Smell. Do you remember how your mother smelled, or your father? I don’t mean the perfume your mother wore, or the pipe tobacco your father smoked. I mean the actual smell of them. Do you remember their personal, genetically-determined signature odorprint?
In a 2009 conversation with Rolling Stones guitarist Keith Richards, we had a long talk about the sense of smell. Keith grew up in Dartford, England, where he had a very close relationship with his family. His father, Bert Richards, was a veteran wounded in World War II, and even though they had a period of estrangement, Bert played a significant role in his son’s life, and spent his final years at Keith’s home in the United States. As we chatted, Keith told me that, when he was a young lad, how much he loved it when his father put his arm around him in a nurturing act. Keith’s nose fit right into Bert’s underarm – it was one of his favorite smells.
From the time we are in the womb, small odor molecules envelope us, guiding our behavior. A baby knows its mother’s scent while in the womb, and at birth the smell of her milk guides the infant to her breast. Life-long bonding between parents and children occurs early through pheromones (steroid hormones produced in the skin), creating the chemical alchemy of bonding. Neuroscientists and chemists have found that our bodies instinctively react to oxytocin, vasopressin, prolactin, opioids, and other chemicals to form close, nurturing, and happy relationships. Additionally, frequent touch between baby and parents – and all family members – helps cement this non-verbal communication throughout life.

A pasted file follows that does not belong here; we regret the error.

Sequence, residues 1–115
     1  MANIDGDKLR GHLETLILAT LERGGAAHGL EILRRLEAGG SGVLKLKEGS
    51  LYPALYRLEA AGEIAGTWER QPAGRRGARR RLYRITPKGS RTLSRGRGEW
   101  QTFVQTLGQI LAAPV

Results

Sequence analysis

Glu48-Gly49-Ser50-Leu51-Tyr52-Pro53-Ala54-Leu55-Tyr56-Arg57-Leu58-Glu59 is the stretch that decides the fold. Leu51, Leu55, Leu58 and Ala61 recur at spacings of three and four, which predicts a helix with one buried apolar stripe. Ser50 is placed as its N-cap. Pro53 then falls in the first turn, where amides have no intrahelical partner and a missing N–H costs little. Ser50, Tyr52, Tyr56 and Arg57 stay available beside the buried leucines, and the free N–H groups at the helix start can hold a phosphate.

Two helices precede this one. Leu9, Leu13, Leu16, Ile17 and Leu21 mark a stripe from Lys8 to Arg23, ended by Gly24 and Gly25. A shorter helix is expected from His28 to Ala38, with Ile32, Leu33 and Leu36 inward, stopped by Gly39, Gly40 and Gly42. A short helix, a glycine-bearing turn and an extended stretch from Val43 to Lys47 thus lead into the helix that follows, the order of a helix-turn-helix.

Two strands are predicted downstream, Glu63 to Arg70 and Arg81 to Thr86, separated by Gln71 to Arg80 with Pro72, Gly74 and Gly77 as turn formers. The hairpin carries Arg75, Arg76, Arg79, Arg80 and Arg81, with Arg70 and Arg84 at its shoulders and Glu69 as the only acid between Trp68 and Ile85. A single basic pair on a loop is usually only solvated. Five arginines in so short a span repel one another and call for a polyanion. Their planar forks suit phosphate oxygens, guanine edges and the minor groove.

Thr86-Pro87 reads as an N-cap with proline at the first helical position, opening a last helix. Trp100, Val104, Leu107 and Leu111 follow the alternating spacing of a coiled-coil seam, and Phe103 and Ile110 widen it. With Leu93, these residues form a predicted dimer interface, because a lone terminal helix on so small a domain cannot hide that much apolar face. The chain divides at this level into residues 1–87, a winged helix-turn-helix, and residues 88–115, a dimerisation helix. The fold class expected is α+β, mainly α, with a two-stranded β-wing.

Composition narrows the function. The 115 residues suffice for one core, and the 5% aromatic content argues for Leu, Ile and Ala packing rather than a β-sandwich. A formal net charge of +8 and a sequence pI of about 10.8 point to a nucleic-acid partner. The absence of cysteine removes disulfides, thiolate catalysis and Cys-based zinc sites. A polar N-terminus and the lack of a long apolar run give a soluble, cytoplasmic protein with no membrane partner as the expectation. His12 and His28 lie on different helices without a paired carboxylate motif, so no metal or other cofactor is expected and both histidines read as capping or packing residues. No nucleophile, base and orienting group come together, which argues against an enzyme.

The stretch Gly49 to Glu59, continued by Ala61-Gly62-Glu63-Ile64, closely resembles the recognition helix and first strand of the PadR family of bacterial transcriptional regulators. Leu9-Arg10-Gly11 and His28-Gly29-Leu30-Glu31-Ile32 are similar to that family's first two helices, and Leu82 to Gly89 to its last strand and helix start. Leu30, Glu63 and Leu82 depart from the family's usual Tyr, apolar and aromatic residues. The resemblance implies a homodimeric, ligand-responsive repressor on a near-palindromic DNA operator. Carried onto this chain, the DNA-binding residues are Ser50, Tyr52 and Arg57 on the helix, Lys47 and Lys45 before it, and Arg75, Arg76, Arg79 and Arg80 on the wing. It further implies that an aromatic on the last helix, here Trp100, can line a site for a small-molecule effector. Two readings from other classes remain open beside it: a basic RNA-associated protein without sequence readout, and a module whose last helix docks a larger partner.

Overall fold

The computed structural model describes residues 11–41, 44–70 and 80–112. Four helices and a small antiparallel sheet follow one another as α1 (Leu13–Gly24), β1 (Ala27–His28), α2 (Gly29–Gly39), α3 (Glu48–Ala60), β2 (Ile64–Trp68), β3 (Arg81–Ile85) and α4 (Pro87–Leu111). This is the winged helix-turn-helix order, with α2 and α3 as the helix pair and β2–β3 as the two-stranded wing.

Bert was 84 years old when he died, and Keith kept his box of ashes around for 5 or 6 years. In a 2011 CBS News interview with Anthony Mason, Keith confirmed the rumor that he had snorted his father’s ashes. Bert didn’t believe in ceremonies, and Keith said he couldn’t part with him by just tossing him to the wind. He also knew has father would be unhappy in a cemetery – Bert didn’t believe dead people should take up space that could be used for planting. Finally, Keith decided to plant a “sturdy” English Oak tree in the garden, and placed his father’s ashes with it “to make it grow firm, strong” – just like Bert had done for his son, one of our culture’s greatest survivors.
As he took the lid off the box of Bert’s ashes “fine bits of my Dad flew onto to table.” He quickly weighed out what to do – he couldn’t just let him blow away. He went with his first impulse: he wiped the ashes up with his finger, brought them to his nose, and snorted, saying, “See you Dad.” (In the CBS interview, Keith jokingly said he used a straw, but in recounting the event to me, he said otherwise.) The rest of Bert was planted with the oak tree. In his book Life, Keith wrote, “Ashes to ashes, father to son. He is now growing oak trees and would love me for it.”
One could hypothesize that in Keith’s behavior – this act of smelling – he found a successful resolution to the mourning of his lost parent. Until that moment, the death of his father was an unresolved loss, and he had been ambivalent about what to do with his ashes. Although to some it may seem like an extreme response, it is something that makes sense within the context of the life Keith has lived, and in honoring the relationship that he and his father had shared. By saying, “See you Dad,” he expressed his feelings of closeness and solidarity with Bert, accepted the loss, and made it part of his autonomous state of living.
In the alchemy of long-term parent-child relationships, smell plays a continuously unconscious role, even after adult children have left home. However, it may only be when the closet door is opened after a parent has passed away, and their natural scent pours out, that the adult child becomes once again conscious of that unspoken connection. This is why people often keep the clothes of someone close to them who’s died – those odor molecules are a crucial comfort to the living person who is trying to come to terms with the permanence of separation.
Most people think attachment hormones are only present between a mother and child at birth, but attachment bonds between entire families are established via the chemical sense of smell, and this fundamental aspect of bonding is with us throughout our complete life cycle.